ahmedluss

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Dear, 

 I have a program written using Matlab for Partical Swarm Optimization, how can I change it into a program written using Maple.

the program:

% THE
% MATLAB

function [xmin, fxmin, iter] = PSO

%%%
success = 0;      

PopSize = 20;        
MaxIt = 5000;        
iter = 0;           

fevals = 0;      
maxw = 1.2;        

minw = 0.1;      

weveryit = floor(0.75*MaxIt); 
c1 = 0.5; 
c2 = 0.5; 
inertdec = (maxw-minw)/weveryit;
w = maxw;                    
f = “DeJong”;               
dim = 2;                     

upbnd = 5;                    

wbnd = –5;       
GM = 0;             
ErrGoal = 1e–3;                

% Initializing 
popul = rand(dim, PopSize)*(upbnd-lwbnd) + lwbnd;
vel = rand(dim, PopSize);

%Evaluate 
for i = 1:PopSize,
fpopul(i) = feval(f, popul(:,i));
fevals = fevals + 1;
end

% Initializing 
% values
bestpos = popul;
fbestpos = fpopul;

% Finding
[fbestpart,g] = min(fpopul);
lastbpf = fbestpart;

% SWARM EVOLUTION LOOP ? START ?
while (success == 0) & (iter < MaxIt),
iter = iter + 1;
% Update the value of the inertia weight w
if (iter<=weveryit)
w = maxw – (iter–1)?inertdec;
end

% VELOCITY UPDATE
for i=1:PopSize,
A(:,i) = bestpos(:,g);
end
R1 = rand(dim, PopSize);
R2 = rand(dim, PopSize);
vel = w?vel + c1?R1.?(bestpos-popul) + c2?R2.?(A-popul);

%

popul = popul + vel;

% Evaluate the new swarm
for i = 1:PopSize,
fpopul(i) = feval(f,popul(:, i));
fevals = fevals + 1;
end

% Updating 
changeColumns = fpopul < fbestpos;
fbestpos = fbestpos.*(~changeColumns) + fpopul.*changeColumns;
bestpos(:, find(changeColumns)) = popul(:, find(changeColumns));

% Updating
[fbestpart, g] = min(fbestpos);

% Checking 
%if 
if abs(fbestpart-GM) <= ErrGoal
success = 1;
else
lastbpf = fbestpart;
end
end
%  LOOP ? END ?
% Output
xmin = popul(:,g);
fxmin = fbestpos(g);

function DeJong=DeJong(x)
DeJong = sum(x.?2);
 

Thank you so much

Ahmed

 

Dear, 

 I have a program written using Matlab for Partical Swarm Optimization, how can I change it into a program written using Maple.

the program:

% THE
% MATLAB

function [xmin, fxmin, iter] = PSO

%%%
success = 0;      

PopSize = 20;        
MaxIt = 5000;        
iter = 0;           

fevals = 0;      
maxw = 1.2;        

minw = 0.1;      

weveryit = floor(0.75*MaxIt); 
c1 = 0.5; 
c2 = 0.5; 
inertdec = (maxw-minw)/weveryit;
w = maxw;                    
f = “DeJong”;               
dim = 2;                     

upbnd = 5;                    

wbnd = –5;       
GM = 0;             
ErrGoal = 1e–3;                

% Initializing 
popul = rand(dim, PopSize)*(upbnd-lwbnd) + lwbnd;
vel = rand(dim, PopSize);

%Evaluate 
for i = 1:PopSize,
fpopul(i) = feval(f, popul(:,i));
fevals = fevals + 1;
end

% Initializing 
% values
bestpos = popul;
fbestpos = fpopul;

% Finding
[fbestpart,g] = min(fpopul);
lastbpf = fbestpart;

% SWARM EVOLUTION LOOP ? START ?
while (success == 0) & (iter < MaxIt),
iter = iter + 1;
% Update the value of the inertia weight w
if (iter<=weveryit)
w = maxw – (iter–1)?inertdec;
end

% VELOCITY UPDATE
for i=1:PopSize,
A(:,i) = bestpos(:,g);
end
R1 = rand(dim, PopSize);
R2 = rand(dim, PopSize);
vel = w?vel + c1?R1.?(bestpos-popul) + c2?R2.?(A-popul);

%

popul = popul + vel;

% Evaluate the new swarm
for i = 1:PopSize,
fpopul(i) = feval(f,popul(:, i));
fevals = fevals + 1;
end

% Updating 
changeColumns = fpopul < fbestpos;
fbestpos = fbestpos.*(~changeColumns) + fpopul.*changeColumns;
bestpos(:, find(changeColumns)) = popul(:, find(changeColumns));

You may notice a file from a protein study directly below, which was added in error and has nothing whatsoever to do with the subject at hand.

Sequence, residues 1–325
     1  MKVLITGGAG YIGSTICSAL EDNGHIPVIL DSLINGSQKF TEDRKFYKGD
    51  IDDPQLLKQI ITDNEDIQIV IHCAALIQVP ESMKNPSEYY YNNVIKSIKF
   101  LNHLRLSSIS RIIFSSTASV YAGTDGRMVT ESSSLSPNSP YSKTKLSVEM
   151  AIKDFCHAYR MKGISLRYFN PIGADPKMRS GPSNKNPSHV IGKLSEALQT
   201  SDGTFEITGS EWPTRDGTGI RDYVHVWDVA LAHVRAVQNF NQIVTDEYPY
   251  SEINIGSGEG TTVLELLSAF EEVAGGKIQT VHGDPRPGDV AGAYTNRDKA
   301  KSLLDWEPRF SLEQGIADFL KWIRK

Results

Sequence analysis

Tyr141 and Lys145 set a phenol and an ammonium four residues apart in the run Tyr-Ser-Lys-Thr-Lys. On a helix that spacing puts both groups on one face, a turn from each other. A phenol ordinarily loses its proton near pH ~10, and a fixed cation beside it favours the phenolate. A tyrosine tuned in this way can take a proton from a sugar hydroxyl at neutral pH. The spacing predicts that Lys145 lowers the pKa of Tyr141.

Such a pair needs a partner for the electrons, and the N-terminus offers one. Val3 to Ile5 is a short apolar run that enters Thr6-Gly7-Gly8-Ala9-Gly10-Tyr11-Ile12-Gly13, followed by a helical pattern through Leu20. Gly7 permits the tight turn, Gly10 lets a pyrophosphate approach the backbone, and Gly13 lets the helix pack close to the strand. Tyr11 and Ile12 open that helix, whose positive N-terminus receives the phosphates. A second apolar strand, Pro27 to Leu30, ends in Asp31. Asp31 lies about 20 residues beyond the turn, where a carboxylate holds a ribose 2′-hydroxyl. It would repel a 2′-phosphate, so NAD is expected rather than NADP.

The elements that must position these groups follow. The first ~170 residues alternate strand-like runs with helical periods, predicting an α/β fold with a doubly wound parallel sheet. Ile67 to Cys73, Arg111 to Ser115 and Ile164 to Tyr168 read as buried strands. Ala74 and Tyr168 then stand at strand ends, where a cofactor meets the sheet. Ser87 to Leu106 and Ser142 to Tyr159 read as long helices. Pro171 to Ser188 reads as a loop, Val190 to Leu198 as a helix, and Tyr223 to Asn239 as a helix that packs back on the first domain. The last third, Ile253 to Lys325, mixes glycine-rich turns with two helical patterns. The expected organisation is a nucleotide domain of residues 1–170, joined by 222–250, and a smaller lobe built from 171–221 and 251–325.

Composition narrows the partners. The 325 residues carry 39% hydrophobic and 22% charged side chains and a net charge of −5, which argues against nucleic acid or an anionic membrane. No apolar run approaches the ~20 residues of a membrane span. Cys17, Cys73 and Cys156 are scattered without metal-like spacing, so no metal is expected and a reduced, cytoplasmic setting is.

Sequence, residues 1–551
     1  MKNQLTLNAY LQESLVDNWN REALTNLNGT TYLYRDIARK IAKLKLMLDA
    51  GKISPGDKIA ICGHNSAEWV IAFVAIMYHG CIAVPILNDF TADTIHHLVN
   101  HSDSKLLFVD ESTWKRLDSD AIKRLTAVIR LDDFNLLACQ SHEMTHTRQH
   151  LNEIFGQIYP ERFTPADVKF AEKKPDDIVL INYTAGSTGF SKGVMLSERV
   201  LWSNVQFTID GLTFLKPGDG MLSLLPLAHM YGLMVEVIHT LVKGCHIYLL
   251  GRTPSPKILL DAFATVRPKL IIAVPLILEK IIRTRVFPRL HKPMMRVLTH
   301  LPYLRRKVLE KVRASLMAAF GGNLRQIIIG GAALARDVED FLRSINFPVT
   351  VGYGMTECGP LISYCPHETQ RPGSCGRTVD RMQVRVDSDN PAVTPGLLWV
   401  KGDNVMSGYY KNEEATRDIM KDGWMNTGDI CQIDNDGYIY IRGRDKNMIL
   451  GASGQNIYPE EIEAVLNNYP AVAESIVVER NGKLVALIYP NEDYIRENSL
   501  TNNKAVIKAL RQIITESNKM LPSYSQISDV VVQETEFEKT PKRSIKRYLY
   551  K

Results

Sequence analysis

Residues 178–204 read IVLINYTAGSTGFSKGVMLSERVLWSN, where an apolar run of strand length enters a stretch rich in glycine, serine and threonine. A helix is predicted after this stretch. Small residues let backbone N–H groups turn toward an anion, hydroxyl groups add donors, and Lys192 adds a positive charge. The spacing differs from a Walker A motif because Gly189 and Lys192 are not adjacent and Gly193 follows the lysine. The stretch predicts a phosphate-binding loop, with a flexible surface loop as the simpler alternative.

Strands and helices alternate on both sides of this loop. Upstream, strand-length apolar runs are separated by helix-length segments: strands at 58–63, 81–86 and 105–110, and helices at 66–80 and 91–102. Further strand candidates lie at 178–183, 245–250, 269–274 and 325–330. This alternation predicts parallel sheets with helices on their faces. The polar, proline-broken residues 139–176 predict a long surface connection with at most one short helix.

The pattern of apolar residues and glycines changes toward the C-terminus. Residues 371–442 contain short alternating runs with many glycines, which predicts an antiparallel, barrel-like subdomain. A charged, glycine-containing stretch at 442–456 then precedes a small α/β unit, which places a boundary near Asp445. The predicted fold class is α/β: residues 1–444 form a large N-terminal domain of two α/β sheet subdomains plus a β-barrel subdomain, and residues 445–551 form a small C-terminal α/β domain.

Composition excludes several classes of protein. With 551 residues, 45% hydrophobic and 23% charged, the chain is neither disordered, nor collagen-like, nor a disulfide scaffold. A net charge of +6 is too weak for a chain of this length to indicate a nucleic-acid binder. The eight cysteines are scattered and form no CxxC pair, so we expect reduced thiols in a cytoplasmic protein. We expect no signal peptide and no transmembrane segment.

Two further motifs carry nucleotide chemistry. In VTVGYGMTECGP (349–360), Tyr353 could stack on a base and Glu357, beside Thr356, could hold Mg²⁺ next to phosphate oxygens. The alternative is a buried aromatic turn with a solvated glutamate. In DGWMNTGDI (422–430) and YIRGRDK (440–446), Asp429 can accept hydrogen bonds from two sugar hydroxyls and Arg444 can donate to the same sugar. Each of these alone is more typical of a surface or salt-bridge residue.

% Updating
[fbestpart, g] = min(fbestpos);

% Checking 
%if 
if abs(fbestpart-GM) <= ErrGoal
success = 1;
else
lastbpf = fbestpart;
end
end
%  LOOP ? END ?
% Output
xmin = popul(:,g);
fxmin = fbestpos(g);

function DeJong=DeJong(x)
DeJong = sum(x.?2);
 

Thank you so much

Ahmed

 

 

DEAR,

                     The algorithm of Partical Swarm Optimization:

In PSO a number of simple entities—the particles—are placed in the search space ofsome problem or function, and each evaluates the objective function at its current location.Each particle then determines its movement through the search space by combining some aspect of the history of its own current and best (best-fitness) locations with those of one or more members of the swarm, with some random perturbations. The next iteration takes place after all particles have been moved. Eventually the swarm as a whole, like a flock of birds collectively foraging for food, is likely to move close to an optimum of the fitness function.

Each individual in the particle swarm is composed of three

D-dimensional vectors, where

D best position pi , and the velocity vi . The current position xi can be considered as a set of coordinates describing a point in space. On each iteration of the algorithm, the current position is evaluated as a problem solution. If that position is better than any that has been found so far, then the coordinates are stored in the second vector, pi . The value of the best function result so far is stored in a variable that can be called pbesti (for “previous best”), for comparison on later iterations. The objective, of course, is to keep finding better positions and updating pi and pbesti. New points are chosen by adding vi coordinates to xi , and the algorithm operates by adjusting vi , which can effectively be seen as a step size.

 of the particles through their interactions. In any case, populations are organized according to some sort of communication structure or topology, often thought of as a social network. The topology typically consists of bidirectional edges connecting pairs of particles, so that if j is in i’s neighborhood, i is also in j ’s. Each particle communicates with some other particles and is affected by the best point found by any member of its topological neighborhood. his is just the vector pi for that best neighbor, which we will denote with pg . The potential kinds of population “social networks” are hugely varied, but in practice certain types have been used more frequently.In the particle swarm optimization process, the velocity of each particle is iteratively adjusted so that the particle stochastically oscillates around pi and pg locations. The (original) process for implementing PSO is as in Algorithm

 Original PSO.D dimensions in the search space.loop

3: For each particle, evaluate the desired optimization fitness function in

4: Compare particle’s fitness evaluation with its

5: Identify the particle in the neighborhood with the best success so far, and assign itsindex to the variable

D variables.pbesti . If current value is better than pbesti, then set pbesti equal to the current value, and pi equal to the current location xi in D-dimensional space.

6: Change the velocity and position of the particle according to the following equation:

 

 

vi vi + U(01)( pi xi )+ U(02)( pg xi ),